Tag: Chicago Bulls

Derrick Rose, Alex Len

Bulls front office hopeful Derrick Rose could play this season


Derrick Rose is scheduled to undergo right knee surgery on Friday, at which time Rose and the Bulls will have more clarity on his timetable to return. But various members of the Bulls’ front office spoke to reporters at a charity event on Thursday night and expressed serious optimism that we haven’t seen the last of him this season.

All of that is certainly encouraging. We obviously won’t have any answers until Rose actually has the surgery, but just the fact that management is so open about their hope that he plays this year is a promising sign. After everything Rose has been through in the last three years, you would think they would know better than to say something that puts any pressure on him to come back before he’s ready. They’ve been so careful with Rose up until now, and they still have so much money tied up in him over the next two seasons after this one, that it still makes no sense to rush him back.

What these comments from Paxson and Forman suggest is that Rose’s MRI really did show a tear that’s not as bad as the one he suffered last year. And in that case, it’s cause for celebration for everybody. It would still be a surprise if Rose played again this season, but it now sounds like it’s not completely impossible. Hopefully he’s able to play. The Bulls and the NBA are better off when he’s healthy.

Derrick Rose scheduled for surgery Friday, will have all or part of meniscus removed

Derrick Rose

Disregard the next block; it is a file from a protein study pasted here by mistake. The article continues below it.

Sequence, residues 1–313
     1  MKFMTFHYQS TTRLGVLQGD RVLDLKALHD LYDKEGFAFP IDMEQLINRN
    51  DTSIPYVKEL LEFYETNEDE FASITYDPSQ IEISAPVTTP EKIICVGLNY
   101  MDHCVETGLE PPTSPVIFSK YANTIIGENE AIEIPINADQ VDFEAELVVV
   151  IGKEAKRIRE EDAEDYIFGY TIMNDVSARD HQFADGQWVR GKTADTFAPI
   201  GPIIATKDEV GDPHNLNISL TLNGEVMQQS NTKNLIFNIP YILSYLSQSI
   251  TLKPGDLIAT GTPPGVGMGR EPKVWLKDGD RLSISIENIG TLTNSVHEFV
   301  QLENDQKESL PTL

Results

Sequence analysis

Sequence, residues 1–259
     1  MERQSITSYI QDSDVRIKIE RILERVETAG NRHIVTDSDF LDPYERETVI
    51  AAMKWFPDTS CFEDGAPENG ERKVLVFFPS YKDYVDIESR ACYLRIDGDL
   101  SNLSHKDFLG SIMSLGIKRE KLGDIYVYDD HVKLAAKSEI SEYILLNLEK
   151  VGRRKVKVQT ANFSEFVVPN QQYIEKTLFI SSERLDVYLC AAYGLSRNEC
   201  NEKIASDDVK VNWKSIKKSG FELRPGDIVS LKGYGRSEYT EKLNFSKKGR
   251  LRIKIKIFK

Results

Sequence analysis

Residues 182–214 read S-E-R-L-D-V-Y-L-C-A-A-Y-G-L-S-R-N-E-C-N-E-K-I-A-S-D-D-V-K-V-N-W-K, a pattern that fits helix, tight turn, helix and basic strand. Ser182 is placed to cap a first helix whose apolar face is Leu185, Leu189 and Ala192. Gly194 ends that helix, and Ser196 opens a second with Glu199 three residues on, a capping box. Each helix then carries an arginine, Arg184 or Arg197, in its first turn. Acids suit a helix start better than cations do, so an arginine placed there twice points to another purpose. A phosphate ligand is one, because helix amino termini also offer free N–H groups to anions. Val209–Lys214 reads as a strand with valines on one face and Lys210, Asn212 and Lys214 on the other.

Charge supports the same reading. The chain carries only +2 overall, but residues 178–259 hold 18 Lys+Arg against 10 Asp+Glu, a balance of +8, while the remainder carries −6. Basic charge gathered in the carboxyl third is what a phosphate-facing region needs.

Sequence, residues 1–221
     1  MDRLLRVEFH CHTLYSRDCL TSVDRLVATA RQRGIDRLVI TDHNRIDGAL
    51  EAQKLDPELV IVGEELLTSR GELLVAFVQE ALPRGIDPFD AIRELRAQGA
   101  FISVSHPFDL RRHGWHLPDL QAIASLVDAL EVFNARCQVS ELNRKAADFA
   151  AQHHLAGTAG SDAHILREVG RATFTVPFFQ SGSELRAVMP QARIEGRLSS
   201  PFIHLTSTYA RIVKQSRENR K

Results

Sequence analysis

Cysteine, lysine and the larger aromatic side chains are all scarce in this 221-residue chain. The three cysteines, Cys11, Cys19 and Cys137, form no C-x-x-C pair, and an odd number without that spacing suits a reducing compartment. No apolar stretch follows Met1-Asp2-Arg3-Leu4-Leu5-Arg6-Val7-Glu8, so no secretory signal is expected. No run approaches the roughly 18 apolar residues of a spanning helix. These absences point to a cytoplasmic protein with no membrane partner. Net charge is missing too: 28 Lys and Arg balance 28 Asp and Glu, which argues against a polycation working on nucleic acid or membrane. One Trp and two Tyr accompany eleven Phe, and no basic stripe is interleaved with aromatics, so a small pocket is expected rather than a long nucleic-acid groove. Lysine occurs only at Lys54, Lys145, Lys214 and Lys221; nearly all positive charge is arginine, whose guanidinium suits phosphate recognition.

We don’t know. There’s been a ton of speculation about the future of Derrick Rose — Is this injury not as severe? Is he headed down the path of Grant Hill and Penny Hardaway? — but the fact is we don’t know much about the severity of the injury. We don’t know recovery timetables.

But we will learn a lot about that Friday.

That’s when Rose will undergo this third knee surgery, the Bulls announced. More interestingly the Bulls said Rose would undergo a meniscectomy, which is a removal of part or all of the meniscus. That method is faster for recovery and means it is possible Rose could be back for part or all of the playoffs. However, we will not have a recovery timetable until after the surgery is complete.

Even if Rose could come back for the playoffs, it’s up for debate if he can lift them up much farther. First, he would just be coming back from surgery and — as we have seen with Rose recently and many other athletes before him — it takes a while for the player to trust that knee fully again. Rose and the other Bulls would have to re-adjust to playing together and do it under a much tougher circumstance, and much more pressure (on the court and off).

But we’ll know a lot more Friday.

This is the fear: Is Derrick Rose on his way to the Penny Hardaway, Bill Walton club?

Chicago Bulls' Derrick Rose waits for the start of a media interview at the start of the team's training camp at the Berto Arena in Chicago, Illinois

Bill Walton. Grant Hill. Brandon Roy. Penny Hardaway. Yao Ming. Tracy McGrady. Danny Manning. Sam Bowie. Brad Daugherty. Greg Oden.

You can form a powerhouse team that includes a Hall of Famer (and other potential ones) whose careers were cut short of their prime because their bodies betrayed them. Many showed us seasons of greatness before their knees, or backs, or ankles gave out. Some never got that far (Oden may the best example).